Whether it’s balancing deadlines, making it to lectures on time or just keeping all your notes in one place, being able to effectively manage your time and stay organised is a big part of independent learning and a skill that will certainly make university much easier.
Student tips for managing your time & workload
Apple or Google online calendars or your Outlook calendar (connected to your student email) are fantastic because they can be accessed anywhere. It will be unbelievably handy to know what your week is going to look like when someone asks you when you are next free.
You can add your deadlines, exams, and meetings as well – this way you can visually see what it is you have to do and can plan your time around it, ensuring you don’t miss anything and it should also help you to prioritise your deadlines.
As well as listing deadlines in order of due date, also make a schedule so it’s clear how long you have to spend on each assessment. This way you won’t end up spending too much time on one and not leave enough time for another.
It’s generally a good rule to prioritise the work that is due first. However, if you hit a roadblock when doing one piece of work, switching gears and doing something else may help you come up with new ideas.
Once you arrive, be proactive! Look on Blackboard for your module handbooks and your reading lists. Make sure that you have all the books you need (look in the Library and for free ebooks first before buying) and create a schedule for what you need to have read by when.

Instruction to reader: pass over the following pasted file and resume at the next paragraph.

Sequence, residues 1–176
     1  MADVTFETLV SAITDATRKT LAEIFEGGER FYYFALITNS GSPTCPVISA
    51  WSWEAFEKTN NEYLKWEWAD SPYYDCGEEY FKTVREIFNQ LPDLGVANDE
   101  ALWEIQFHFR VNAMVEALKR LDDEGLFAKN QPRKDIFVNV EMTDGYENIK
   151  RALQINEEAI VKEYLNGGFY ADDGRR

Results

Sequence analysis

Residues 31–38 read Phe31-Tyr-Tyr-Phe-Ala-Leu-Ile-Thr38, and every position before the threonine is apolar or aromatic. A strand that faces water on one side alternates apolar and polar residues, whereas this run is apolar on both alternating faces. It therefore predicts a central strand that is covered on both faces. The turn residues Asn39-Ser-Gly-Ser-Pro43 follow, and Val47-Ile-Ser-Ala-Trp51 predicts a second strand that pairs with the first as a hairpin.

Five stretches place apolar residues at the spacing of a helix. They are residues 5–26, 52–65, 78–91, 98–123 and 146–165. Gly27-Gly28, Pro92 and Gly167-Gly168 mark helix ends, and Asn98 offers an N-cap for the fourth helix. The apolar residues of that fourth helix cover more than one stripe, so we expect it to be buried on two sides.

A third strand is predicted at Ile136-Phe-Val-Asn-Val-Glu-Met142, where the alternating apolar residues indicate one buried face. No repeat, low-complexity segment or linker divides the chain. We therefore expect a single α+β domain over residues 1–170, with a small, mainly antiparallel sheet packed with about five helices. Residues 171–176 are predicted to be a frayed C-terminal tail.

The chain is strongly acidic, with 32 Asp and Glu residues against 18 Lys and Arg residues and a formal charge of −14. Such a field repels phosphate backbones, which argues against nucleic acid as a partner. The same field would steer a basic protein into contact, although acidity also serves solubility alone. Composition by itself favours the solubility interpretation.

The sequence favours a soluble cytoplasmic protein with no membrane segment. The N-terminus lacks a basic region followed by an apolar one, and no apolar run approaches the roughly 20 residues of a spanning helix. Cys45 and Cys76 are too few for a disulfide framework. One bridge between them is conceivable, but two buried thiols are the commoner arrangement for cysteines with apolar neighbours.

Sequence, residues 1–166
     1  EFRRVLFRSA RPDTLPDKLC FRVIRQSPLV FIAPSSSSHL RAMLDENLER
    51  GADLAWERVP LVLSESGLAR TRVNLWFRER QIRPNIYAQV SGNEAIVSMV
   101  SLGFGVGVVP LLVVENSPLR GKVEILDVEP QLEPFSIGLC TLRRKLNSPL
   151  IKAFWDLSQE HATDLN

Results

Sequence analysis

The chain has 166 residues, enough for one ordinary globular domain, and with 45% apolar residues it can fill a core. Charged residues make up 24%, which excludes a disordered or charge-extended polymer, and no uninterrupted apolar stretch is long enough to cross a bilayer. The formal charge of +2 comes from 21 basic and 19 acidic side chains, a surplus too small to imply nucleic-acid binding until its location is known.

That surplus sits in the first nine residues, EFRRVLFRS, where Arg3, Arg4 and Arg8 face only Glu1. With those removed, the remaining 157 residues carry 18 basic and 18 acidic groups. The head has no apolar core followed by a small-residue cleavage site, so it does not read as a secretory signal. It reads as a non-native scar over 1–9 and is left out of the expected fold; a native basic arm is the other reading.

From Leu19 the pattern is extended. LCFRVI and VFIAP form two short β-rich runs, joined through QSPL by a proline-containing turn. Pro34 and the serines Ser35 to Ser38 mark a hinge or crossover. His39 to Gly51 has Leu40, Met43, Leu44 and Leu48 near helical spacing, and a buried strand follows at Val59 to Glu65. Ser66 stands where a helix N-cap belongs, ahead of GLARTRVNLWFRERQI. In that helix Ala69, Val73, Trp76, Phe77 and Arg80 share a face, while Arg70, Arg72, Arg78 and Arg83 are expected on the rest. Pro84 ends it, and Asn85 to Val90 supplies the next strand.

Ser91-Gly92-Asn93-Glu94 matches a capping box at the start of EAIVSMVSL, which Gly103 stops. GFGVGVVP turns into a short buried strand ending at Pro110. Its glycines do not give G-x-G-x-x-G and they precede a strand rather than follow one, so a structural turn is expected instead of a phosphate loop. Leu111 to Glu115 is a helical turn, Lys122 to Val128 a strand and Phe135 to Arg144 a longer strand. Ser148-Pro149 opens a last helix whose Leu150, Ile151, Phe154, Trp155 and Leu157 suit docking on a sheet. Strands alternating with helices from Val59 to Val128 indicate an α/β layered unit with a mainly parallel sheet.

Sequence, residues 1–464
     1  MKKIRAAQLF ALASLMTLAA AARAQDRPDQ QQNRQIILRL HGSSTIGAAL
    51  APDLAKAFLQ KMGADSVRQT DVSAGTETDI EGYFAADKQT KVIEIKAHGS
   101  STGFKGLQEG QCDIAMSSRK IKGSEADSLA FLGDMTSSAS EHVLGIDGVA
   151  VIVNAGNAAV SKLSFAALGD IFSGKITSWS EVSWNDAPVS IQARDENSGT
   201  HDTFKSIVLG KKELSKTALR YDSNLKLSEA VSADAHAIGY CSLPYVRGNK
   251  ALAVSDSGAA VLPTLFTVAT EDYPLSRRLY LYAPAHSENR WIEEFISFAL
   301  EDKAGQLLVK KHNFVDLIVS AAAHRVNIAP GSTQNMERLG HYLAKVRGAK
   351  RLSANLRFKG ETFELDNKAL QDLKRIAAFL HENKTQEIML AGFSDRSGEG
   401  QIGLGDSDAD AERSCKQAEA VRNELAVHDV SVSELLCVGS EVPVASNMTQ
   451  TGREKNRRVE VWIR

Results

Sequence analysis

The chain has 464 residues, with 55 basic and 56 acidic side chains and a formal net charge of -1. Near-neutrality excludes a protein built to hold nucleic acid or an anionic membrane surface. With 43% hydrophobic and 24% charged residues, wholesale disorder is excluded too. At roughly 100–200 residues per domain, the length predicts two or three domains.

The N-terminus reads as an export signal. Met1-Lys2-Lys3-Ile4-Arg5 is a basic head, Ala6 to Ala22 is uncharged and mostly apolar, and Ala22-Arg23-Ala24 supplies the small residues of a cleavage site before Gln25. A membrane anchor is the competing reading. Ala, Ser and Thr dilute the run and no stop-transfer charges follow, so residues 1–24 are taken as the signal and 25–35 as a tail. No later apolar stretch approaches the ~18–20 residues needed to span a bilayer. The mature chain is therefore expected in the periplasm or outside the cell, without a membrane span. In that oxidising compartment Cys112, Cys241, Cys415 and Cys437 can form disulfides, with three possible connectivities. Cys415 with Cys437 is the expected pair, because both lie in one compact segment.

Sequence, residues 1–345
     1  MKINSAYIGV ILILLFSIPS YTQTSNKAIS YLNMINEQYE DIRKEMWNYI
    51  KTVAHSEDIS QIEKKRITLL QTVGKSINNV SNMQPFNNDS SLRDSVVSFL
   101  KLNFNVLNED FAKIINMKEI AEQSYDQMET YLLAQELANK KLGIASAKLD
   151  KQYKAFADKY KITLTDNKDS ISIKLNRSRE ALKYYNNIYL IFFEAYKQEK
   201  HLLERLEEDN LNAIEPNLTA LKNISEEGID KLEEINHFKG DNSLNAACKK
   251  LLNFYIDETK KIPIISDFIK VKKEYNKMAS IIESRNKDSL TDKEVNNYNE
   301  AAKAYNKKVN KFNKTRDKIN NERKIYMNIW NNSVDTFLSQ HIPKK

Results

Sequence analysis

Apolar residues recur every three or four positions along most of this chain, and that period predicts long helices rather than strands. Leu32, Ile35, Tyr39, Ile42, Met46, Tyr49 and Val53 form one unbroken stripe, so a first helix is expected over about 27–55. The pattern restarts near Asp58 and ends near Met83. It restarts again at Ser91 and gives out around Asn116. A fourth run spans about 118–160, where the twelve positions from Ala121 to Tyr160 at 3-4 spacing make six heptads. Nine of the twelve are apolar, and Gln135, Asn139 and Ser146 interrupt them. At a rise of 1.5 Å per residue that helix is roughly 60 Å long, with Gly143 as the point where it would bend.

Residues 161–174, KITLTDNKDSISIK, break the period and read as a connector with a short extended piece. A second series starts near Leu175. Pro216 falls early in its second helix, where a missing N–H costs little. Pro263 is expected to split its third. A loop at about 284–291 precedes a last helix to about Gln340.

Writing a to-do list makes everything that much clearer. To-do lists make bigger tasks seem that much smaller, by using them to break up something difficult into sections to make it easier to tackle.
If you’re faced with a big assignment, break it down into small manageable chunks and assign one task to do each day. You could talk this trough with a friend or your tutor so you know you are on the right track. This will really help you to put things back into perspective, especially if you’re feeling overwhelmed.
Throw the idea of multitasking out the window. Concentrate on one piece of work at a time to avoid confusion.
This will always help you be able to concentrate. Try and keep your workspace separate from your leisure space if you can.
It’s easier said than done, but avoid procrastinating where possible. Don’t watch TV in the background as this will cause inevitable distraction. If you can’t work in silence, listen to music that won’t distract you. If necessary, do a little bit of work at a time.
You should always factor into your schedule hours where you are doing something other than work. By doing this you are able to ‘refresh’ your mind, and it is likely you’ll view your work with a clear head when you come back to it.
Sometimes finding a ‘study buddy’ can help you maintain motivation and focus. Knowing that a like-minded friend is also committed to spending some quality time studying ca be a great motivator. By supporting each other and setting each other small study challenges you’ll be surprised how much you can achieve in a short space of time.
Reward yourself or have something to look forward to. Whether it’s watching a TV show, a night out, a takeaway or simply a piece of chocolate, having something to look forward to when you’ve finished will help to keep you motivated.
Motivation & organisation
Time management - Skills for Study
All University of Lincoln students have access to the learning resource hub Skills for Study, provided by the Library.
Follow this link to a Time management module and complete topics on:
- Planning and prioritising
- Time management techniques
You will need to login using your University of Lincoln credentials to access this learning resource.
You are expected to attend all of your timetabled lectures, but if you cannot make it, it is very important that you contact your tutor ahead of a seminar or lecture and explain and provide a reason for non-attendance.
This can be done easily by sending them an email. If you do not attend without notification you will be marked on the register as absent.
Continuous absence will require further investigation and students will be asked to explain their non-attendance to their tutor.